Football Agents Settle Lawsuit, But New Dispute Arises Over Breach Of Agreement
One of three lawsuits pending against football agent John “JR” Rickert as of May 2012 had originally been filed in September 2011 by football agent Audie Attar (President of Paradigm Sports Management, LLC). Attar claimed that Rickert breached their Joint Partnership Agreement by failing to (1) pay over $21,000 in compensation, (2) attend meetings with prospective clients, (3) reimburse Attar for expenses, and (4) add Attar’s name to Standard Representation Agreements (SRAs) with the NFLPA. Attar also stated that Rickert fraudulently induced him to forgo more than $14,000 in compensation with All Pro Sports & Entertainment, Inc.
In response to the lawsuit, Rickert filed a grievance against Attar, alleging that Attar failed to comply with the NFLPA’s Regulations Governing Contract Advisors and filed his action in court in violation of the jurisdiction clause of the Joint Partnership Agreement, which required all disputes to adjudicated pursuant to the NFLPA’s regulations.
On August 1, Attar and Rickert entered into a settlement agreement that caused the parties to waive all of their claims against each other, but the agreement clearly stated that if Rickert breached, the releases would be null and void and Attar would be entitled to pursue any and all claims against Rickert. Attar has told Sports Agent Blog that he firmly believes Rickert has breached the agreement by not paying the required initial amounts due.
“[Rickert’s] first two payments bounced,” explained Attar. “Guys like this do not deserve to be in this business. If you cannot honor your agreements, you should be exposed.”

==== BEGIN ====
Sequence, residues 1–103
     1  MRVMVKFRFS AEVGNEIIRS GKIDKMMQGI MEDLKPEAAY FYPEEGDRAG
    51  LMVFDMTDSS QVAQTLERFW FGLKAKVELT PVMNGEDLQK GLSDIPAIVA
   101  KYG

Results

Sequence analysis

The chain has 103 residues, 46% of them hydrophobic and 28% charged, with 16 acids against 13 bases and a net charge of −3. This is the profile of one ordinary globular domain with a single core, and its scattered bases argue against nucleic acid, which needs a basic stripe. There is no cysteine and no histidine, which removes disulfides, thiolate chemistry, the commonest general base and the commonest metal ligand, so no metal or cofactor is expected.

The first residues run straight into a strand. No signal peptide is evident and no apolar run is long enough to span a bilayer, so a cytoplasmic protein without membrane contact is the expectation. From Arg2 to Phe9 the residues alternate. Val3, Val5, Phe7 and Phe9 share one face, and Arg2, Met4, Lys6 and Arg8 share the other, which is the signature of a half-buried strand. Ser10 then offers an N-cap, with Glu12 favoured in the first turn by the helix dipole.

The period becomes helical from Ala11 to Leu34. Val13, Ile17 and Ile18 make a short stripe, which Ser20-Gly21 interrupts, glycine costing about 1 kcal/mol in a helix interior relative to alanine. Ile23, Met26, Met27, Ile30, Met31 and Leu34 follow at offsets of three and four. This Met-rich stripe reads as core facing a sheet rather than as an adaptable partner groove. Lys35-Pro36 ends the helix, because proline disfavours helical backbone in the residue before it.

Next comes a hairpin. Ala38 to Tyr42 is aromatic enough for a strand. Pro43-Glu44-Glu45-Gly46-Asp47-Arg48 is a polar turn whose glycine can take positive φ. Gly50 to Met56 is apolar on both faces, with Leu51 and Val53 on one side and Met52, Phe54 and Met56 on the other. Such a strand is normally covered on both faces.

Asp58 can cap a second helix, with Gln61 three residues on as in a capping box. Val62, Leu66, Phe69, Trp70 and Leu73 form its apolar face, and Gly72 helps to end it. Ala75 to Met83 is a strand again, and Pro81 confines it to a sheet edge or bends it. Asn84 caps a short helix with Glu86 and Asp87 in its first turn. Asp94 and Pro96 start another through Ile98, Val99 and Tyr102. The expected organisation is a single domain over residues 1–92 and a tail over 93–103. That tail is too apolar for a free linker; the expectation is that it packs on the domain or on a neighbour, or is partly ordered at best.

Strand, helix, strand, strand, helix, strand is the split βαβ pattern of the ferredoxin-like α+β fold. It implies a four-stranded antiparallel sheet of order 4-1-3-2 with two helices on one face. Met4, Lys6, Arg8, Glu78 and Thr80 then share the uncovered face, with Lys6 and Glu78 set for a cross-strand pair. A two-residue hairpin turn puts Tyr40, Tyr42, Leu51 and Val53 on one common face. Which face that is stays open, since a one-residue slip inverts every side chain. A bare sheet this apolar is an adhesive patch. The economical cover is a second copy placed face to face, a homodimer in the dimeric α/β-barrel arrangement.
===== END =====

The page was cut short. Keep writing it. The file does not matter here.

Sports Agent Blog has received copies of the two checks written by JR Sports Enterprises, LLC to Audie Attar and the Barnes Law Firm, which were returned because of insufficient funds in the company account. According to the settlement agreement, a payment of $9,000 was due within three days of signing the agreement (which was not fully executed until September 30, 2012). The notice from First Citizens Bank regarding the return of the $9,000 to sender reveals that the check was sent back to Rickert on September 26, four days prior to obtaining all signatures on the agreement. “I told his attorney that I wasn’t releasing funds until September 30th and to hold the check,” explains Rickert. “He choose to deposit them early.”
The other check that bounced was for a value of $8,000 and was returned to Rickert with a notice of insufficient funds on October 4. The settlement agreement states that the $8,000 payment was due by 11:59 p.m. EST on September 30, and that if payment was not timely made, the entire amount remaining would be immediately owed ($41,000), including a $5,000 penalty. Rickert says that he re-issued the September 30th check. Attar views Rickert’s actions as a clear breach, and is livid about it.